Nanao blinked. Almost, she said something cutting—after all, if she didn't do it, it wouldn't get done, and who's fault was that?—but something stopped her. It was his voice. He was using that odd, sad tone he had, when he saw things a little too clearly, and it stopped her, and made her consider the question.

Honestly, she'd never thought about it. It was just…part of the package. If you had a cat, and it threw up on the rug, you cleaned it up. You didn't enjoy it, but after awhile, you weren't particularly bothered by it, either—it was just something that had to be done. Nanao had a division, and a captain, which generated paperwork, and she cleaned it up, because it had to be done.

"Doing this is useful," she said finally, taking off her glasses and cleaning them on the corner of her robe. "I'm good at it. And it is better to be useful, because…"

She trailed off, unsure of how to finish the sentence, aware that she was veering into dark territory in her own head, and a little startled that she'd gotten there from a simple question about paperwork.

He did not press the matter. He never did. Nanao finished cleaning her glasses and put them back on, and saw that he was looking at her strangely.

He'd been doing that a lot lately, she thought, a little exasperated and more than a little disquieted. That particular look. It was penetrating but somewhat abstracted, as if he was trying to remember a grocery list and suspected it might be taped somewhere on the inside of her skull.

"Why?" she asked, nettled.

"I would not want my Nanao-chan to be unhappy," Shunsui said, and smiled a broad, foolish smile that she didn't believe for a second.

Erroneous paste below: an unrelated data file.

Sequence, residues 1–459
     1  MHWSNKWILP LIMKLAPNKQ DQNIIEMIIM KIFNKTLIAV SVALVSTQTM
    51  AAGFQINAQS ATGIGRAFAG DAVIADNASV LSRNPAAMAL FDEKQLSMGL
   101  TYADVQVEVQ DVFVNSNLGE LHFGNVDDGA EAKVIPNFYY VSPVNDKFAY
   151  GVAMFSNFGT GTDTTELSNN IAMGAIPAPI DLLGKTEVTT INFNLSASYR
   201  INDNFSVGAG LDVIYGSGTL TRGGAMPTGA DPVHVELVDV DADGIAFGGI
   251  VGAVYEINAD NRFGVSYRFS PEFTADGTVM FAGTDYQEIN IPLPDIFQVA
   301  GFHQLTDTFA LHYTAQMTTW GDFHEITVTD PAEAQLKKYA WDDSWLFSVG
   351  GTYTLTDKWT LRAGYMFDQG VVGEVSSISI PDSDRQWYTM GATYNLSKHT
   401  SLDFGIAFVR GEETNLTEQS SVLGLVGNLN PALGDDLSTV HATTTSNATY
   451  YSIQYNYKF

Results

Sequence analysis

He's up to something.

No, it's not the up-to-something look. It's close, though…

Nanao took refuge in routine. "You have a meeting in twenty minutes." She held out a paper.

Shunsui heaved a sigh, the world's most put-upon captain, never mind that he slept sixteen hours a day and spent the other eight in various stages of inebriation. He got up, took the paper, gave her another of those odd looks, and then strolled out. She could hear him humming to himself in the corridor.

He had certainly been acting odd lately. Nanao shook her head. Ever since…well, ever since…

Ever since the fight with Yamamoto-sama.

Nanao inhaled. Her chest felt tight at the memory.

The fight where you failed him before a blow was ever struck. The one where he had to drag you out before you suffocated on the old man's power.

Yeah, that fight.

Did he want to replace her?

The thought woke an involuntary shudder. She set her pen down, very carefully, and twined her fingers together.

It would make sense. It would make a great deal of sense, now that she thought of it. It would explain the looks, the odd questions. He would never simply transfer her out of the blue. There was no malice in Shunsui, not a drop. He had once carried a lost baby bird in his hat, clear to Fourth Division, walking nearly five miles on foot, for fear that flash-stepping would alarm it.

Good lord. What if this time he thinks I'm the baby bird? Nanao put her head in her hands.

She could see it clearly. He did not want her to be unhappy, and he did not want her dead, but she was obviously not capable of holding up anything but the paperwork end of being Vice-Captain. She was a competent fighter, but among the thirteen squads, competence was assumed—there were so many simply amazing fighters that you could wallpaper the cafeteria with the merely competent. What if he was trying to figure out what to do with her, so that he could get a second in that wouldn't fail him?

Chirp chirp, said the voice inside her head, who was a traitor of the first water.

"Baseless speculation," she told herself, and then stopped, because she sounded a little shaky, not at all like her usual clipped tones. Still. You don't know that. He could just be trying to remember your dress size so that he can send someone off to buy you some ungodly outfit made of two postage stamps and a bit of wet string.


Still…all those searching looks…Shunsui was a man with a problem, and Nanao was afraid that she was it.